We’ve all done it, started cleaning out a closet, garage or attic only to end up keeping way more than we wanted and feeling like we didn’t accomplish what we’d set out to. As you consider each item, you give up a few things freely but hesitate on so many more, ultimately holding on to things not so much because you love or need it but you don’t have enough motivation to let it go.
I’ll use a personal example to demonstrate. A few weeks ago, I was going through the storage room that came with my apartment. Having this room is both a good and bad thing, it is a place for useful things that don’t fit in my apartment and, unfortunately, things I don’t need but can’t seem to get rid of. Among the items I found was a small decorative tin box that I used to keep on my counter. As my taste changed, it got packed away with the other décor that no longer “fit in”. As I looked at it and tried to add it to the items I was donating, I hesitated and almost put it back in a box to spend a few more years in my storage room. I can honestly say that it would never have seen the inside of my apartment again. I ended up donating it later that afternoon.
So … what helped me make the right decision? I used a technique that we utilize with our clients but hadn’t applied to myself before. What did I do?
I selected a charity I wanted to support BEFORE I started cleaning out my storage room. The motivation of knowing that my decisions wouldn’t just affect me impacted my choices. Not all choices, that is. The things that were easy to get rid of were still easy, the things I wanted to keep because I felt a connection to them I still kept. It was the items that fell in between, I probably knew I should let them go but hesitated. Knowing that I was going to help a cause I believed in made it so much easier to let go, I hesitated far less and donated more.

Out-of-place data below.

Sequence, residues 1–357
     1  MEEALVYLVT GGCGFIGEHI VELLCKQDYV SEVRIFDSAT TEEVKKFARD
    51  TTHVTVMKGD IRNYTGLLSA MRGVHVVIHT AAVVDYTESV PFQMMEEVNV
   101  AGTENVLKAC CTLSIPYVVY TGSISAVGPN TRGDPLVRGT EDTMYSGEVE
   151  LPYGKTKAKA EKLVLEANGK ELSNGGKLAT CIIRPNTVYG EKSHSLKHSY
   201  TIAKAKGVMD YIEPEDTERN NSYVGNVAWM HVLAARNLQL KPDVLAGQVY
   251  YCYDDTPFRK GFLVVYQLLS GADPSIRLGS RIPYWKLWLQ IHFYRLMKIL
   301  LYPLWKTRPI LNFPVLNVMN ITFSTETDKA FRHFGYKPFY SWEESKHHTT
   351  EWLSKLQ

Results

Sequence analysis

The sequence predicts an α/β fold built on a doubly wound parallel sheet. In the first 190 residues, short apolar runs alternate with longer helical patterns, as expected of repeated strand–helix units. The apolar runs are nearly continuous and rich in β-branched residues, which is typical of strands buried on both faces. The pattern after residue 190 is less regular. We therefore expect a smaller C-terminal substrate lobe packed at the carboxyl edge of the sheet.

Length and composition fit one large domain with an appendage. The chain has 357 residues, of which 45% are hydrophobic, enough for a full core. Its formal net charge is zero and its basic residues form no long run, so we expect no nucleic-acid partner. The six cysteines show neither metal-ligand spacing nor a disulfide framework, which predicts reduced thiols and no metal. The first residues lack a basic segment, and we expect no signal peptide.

Getting back to my tin box, I’ve considered donating it many times. I used to like it a lot and it was easier to keep it than to decide whether it should stay or go. I think that’s what fills up so many garages, attics and closets. It’s not stuff we necessarily love or need but things we don’t want to make a decision about. It’s simply easier to keep it. You need to give yourself a reason to make the decision. Helping others is a great reason! In my case the local children’s hospital needs support more than I needed to hold onto something I didn’t care about or use anymore. This hospital, CHKD in Norfolk, has a series of thrift stores in our area that generate $2.5 million dollars a year. That’s a sizable amount and a meaningful contribution to their mission.
Finding this motivation isn’t hard, and you only have to do it once. A quick internet search will help you find a charity that you can help. Once you find one, just remind yourself whenever you’re going to start going through something to “clean up”.
Do I miss my tin box? Not in the least!